Tents in Langley park spark concern

A homeless camp has been growing in Nicomekl Park.

Sharon (not her real name), one of the homeless people camped out in Langley City’s Nicomekl Park, hasn’t always lived on the streets.

The woman in her late 50s is one of a number of Langley’s homeless who have moved into the park during the last month and a half.

Over the past 12 years, she has battled a major addiction, been in and out of apartments, and is now facing a leukemia diagnosis.

“I need a place to live,” she said.

She’s currently living under tarps and tents strung up near the parking lot and paths that run through the floodplain.

Though she’s lived in rental places in the past, right now she said she’s given up looking. She hates rejection, and it’s hard to find anything she and her partner of seven years can live in.

The site, like several before it, has been drawing more attention in recent weeks.

“The camp is getting larger,” said Sharon Newbery, a City resident and former member of the public safety committee.

Langley’s homeless population has moved several times during the past year and a half. For a time it was concentrated in a few spots in the downtown near Fraser Highway.

“I can see that it’s going to get out of control if things aren’t done soon,” Newbery said. “Something needs to be done to help these people, and moving them from spot to spot isn’t a solution.”

The park is closer to the eastern outskirts of the City, but still close to roads, apartments, and pathways.

Newbery knows that finding permanent housing for homeless will not be easy with the current housing market.

So do homelessness outreach workers like Fraser Holland of Starting Point.

The piece that isn’t in the City’s current homelessness plan is a form of immediate housing, Holland said.

While the problem is complex, there are some homeless who, once housed, stay that way.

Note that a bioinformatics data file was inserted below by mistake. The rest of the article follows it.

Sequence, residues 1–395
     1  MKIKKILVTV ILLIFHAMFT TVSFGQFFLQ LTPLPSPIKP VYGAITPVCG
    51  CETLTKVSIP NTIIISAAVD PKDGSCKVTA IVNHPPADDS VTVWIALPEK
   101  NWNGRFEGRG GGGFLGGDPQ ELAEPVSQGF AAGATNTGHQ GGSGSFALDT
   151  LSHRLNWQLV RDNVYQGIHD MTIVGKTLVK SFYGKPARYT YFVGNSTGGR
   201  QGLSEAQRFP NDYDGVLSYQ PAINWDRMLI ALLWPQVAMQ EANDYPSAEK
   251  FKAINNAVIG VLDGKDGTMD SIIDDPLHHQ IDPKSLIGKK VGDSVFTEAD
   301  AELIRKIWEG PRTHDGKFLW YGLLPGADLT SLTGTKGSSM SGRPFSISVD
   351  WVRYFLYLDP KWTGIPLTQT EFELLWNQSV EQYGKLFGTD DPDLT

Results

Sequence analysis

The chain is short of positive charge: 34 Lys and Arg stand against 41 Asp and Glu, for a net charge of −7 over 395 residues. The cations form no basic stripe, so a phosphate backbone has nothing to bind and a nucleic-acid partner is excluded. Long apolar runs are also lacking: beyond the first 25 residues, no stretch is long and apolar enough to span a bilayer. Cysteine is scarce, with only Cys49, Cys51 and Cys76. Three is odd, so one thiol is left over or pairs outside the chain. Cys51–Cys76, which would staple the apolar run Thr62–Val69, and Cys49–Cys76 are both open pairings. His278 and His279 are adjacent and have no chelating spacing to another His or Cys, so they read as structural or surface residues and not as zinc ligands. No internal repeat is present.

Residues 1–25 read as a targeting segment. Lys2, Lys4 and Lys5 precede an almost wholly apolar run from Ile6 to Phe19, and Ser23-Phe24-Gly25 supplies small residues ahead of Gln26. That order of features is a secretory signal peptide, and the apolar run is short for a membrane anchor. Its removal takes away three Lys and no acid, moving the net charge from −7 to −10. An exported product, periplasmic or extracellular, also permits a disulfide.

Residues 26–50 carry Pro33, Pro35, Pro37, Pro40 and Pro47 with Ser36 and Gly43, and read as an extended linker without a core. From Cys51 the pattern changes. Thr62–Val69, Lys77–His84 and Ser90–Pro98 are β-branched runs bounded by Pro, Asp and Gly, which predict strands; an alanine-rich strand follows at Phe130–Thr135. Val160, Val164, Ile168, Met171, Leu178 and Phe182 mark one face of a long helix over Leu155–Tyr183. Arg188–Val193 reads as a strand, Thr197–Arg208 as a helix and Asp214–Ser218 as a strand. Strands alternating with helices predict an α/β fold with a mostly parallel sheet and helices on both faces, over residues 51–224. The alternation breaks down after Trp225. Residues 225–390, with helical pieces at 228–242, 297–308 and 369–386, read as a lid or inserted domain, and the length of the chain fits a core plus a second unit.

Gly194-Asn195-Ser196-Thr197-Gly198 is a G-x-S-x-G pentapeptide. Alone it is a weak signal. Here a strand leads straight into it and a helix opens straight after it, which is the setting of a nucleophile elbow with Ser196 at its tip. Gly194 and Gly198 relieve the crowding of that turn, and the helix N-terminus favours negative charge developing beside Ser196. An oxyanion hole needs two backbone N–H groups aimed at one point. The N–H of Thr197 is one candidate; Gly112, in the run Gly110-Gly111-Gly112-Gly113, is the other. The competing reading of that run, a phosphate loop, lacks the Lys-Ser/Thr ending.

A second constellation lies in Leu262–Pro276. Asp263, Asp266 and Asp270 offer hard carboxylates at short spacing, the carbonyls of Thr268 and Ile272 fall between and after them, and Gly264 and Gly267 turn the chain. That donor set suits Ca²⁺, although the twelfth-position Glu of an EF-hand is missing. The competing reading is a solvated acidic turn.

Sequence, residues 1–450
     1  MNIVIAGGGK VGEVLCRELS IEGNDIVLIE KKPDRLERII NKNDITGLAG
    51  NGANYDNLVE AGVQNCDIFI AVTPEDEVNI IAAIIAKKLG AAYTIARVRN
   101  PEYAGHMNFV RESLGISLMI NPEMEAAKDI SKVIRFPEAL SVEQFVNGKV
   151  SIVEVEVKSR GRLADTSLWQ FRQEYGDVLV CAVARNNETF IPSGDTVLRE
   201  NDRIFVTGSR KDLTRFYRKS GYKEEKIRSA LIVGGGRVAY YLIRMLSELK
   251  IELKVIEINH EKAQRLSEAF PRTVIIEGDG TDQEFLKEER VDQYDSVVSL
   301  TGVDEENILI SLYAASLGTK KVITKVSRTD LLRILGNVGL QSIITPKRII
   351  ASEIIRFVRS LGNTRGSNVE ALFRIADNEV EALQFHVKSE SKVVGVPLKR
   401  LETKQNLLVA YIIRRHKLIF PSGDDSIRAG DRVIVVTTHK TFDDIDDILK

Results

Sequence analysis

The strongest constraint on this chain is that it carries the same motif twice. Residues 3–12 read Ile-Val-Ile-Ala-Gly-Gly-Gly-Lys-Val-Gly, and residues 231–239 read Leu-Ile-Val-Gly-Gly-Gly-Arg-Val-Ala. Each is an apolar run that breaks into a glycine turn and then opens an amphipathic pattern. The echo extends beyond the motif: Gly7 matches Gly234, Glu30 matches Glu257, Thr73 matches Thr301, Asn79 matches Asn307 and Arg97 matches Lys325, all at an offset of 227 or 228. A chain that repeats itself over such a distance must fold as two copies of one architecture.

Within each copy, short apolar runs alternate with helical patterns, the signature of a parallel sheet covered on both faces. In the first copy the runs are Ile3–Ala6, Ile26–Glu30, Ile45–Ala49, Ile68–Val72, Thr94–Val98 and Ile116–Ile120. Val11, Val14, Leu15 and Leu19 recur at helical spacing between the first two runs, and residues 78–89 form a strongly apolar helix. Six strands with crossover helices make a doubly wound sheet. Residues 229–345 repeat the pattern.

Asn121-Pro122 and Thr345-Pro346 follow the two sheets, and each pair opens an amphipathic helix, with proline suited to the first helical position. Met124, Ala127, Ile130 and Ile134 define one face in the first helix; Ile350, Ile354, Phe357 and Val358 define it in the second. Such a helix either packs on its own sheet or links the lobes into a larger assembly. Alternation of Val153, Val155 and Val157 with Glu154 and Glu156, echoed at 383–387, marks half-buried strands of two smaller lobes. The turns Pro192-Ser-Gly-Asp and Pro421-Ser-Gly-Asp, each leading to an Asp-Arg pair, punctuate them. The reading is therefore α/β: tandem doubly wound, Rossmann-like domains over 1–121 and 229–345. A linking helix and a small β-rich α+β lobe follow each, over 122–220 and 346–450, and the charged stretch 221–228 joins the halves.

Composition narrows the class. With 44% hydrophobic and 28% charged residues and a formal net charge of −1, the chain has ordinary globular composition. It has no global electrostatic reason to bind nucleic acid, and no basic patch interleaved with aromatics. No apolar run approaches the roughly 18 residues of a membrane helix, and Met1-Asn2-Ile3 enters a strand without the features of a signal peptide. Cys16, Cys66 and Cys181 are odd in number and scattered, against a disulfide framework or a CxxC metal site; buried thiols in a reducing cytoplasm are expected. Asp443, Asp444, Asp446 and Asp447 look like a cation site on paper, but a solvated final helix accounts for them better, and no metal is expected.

The City’s long term goal is to provide more supportive housing.Supportive housing is a step between something like a shelter and a solo rental. Supportive housing has staff on site and helps people kicking drug addiction or getting help for mental health problems.

“It’s not a simple solution,” said City administrator Francis Cheung. “It’s so complex.”

The City would have to work with other jurisdictions, including the provincial government, to get supportive housing in place.

In the meantime, the City asks the homeless sleeping in parks to move along during the day.

Court rulings in B.C. have found that people without a home have a right to sleep in public parks. But municipal governments have a right to order them to move along and clear away their campsites during the daytime.

“We have tried to comply with that ruling,” said Cheung.

Both homeless and housed residents have rights, said Cheung.

“It’s a very difficult balancing act to meet,” he said.

Bylaw officers are asking people to move their tents by 9 a.m.

“We don’t always get compliance,” Cheung said.

The City is also trying to clear away some of the extra material and debris.

As for Sharon in the camp, she isn’t getting treatment for her leukemia until she gets a roof over her head.

“You can’t get chemo if you can’t find a place to live,” she said.

 

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